Water : Factfile

There are 16 documents in this section.


  • Water use

    25 March 2008

    Water use is increasing everywhere. The world's 6.7 billion people are already appropriating 55 per cent of all the accessible freshwater contained in rivers, lakes and underground aquifers.

  • A way forward

    14 July 2003

    Experts in the field believe that the world needs a Blue Revolution in water management, just as we need another Green Revolution in agriculture. Time is of the essence. Dwindling freshwater supplies per capita are threatening the health and living standards of millions of people in a growing number of countries, as well as undermining agricultural productivity and industrial development. Achieving a blue revolution will require co-ordinated policies and responses that address water issues in a comprehensive way, not the business as usual sectoral approaches of the past.

  • Degraded rivers worldwide

    14 July 2003

    More than half of the world's major rivers are either heavily polluted and/or drying up in their lower reaches because of over-use, according to the World Water Council. Of the world's 500 major rivers, 250 are seriously polluted and depleted from overuse. Contamination and overuse of river basins displaced some 25 million environmental refugees in 1998/99.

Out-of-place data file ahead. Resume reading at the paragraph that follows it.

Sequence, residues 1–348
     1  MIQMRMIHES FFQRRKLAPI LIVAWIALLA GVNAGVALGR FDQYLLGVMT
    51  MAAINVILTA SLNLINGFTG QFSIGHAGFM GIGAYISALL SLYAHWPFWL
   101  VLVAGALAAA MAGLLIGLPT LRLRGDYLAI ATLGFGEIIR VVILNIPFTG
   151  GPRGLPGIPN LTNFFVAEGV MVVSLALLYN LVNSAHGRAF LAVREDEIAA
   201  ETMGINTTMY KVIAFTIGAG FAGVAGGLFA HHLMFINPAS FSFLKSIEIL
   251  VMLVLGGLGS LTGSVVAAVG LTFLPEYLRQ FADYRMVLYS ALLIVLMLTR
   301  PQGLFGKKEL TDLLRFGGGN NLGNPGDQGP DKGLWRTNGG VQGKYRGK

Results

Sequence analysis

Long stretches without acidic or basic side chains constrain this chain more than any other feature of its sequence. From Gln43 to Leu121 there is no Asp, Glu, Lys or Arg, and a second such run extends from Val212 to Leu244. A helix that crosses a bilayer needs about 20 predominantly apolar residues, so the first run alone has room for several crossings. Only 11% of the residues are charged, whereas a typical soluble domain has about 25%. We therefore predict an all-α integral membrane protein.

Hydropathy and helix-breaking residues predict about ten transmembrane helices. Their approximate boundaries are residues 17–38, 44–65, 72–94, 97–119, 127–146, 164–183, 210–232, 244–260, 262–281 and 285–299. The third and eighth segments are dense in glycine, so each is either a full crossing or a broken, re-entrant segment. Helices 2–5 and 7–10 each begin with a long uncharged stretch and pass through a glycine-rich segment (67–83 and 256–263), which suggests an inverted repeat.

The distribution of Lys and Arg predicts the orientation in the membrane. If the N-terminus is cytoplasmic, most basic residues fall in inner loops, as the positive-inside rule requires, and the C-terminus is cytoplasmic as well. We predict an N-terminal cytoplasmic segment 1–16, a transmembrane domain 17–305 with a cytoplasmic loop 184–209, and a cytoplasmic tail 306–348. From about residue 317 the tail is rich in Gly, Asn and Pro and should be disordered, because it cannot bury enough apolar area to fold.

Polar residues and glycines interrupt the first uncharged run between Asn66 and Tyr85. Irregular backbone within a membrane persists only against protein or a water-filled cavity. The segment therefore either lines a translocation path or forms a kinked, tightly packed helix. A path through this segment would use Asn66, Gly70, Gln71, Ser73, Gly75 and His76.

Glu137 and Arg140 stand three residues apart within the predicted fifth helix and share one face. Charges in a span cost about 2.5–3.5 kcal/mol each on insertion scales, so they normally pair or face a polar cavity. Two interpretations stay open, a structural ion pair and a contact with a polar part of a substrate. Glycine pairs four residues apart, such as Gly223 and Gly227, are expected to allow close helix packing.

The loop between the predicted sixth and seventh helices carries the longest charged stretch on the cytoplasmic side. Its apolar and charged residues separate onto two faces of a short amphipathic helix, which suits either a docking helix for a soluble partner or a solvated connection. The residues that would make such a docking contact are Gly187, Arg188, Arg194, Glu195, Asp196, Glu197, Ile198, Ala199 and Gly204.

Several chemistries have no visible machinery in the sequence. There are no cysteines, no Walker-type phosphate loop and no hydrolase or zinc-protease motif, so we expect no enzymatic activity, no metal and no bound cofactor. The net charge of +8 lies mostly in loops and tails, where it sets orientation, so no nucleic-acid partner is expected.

• Damaged by dams

    14 July 2003

    Increasingly, large dams are damaging aquatic ecosystems and displacing millions of people - all in the name of development with highly dubious benefits.

  • Demand

    9 July 2003

    While freshwater supply is limited, demand keeps on escalating as populations grow and consumption per capita increases. During the last 70 years, the global population has tripled, but water withdrawals have increased over six times. Since 1940, annual global water withdrawals have increased by an average of nearly 3 per cent per year, while population growth has averaged between 1.5 and 2 per cent.

  • Privatising water

    9 June 2003

    Many governments and municipalities in developing countries are attempting to reduce waste and increase revenue by charging even the poorest communities for water - often through meters.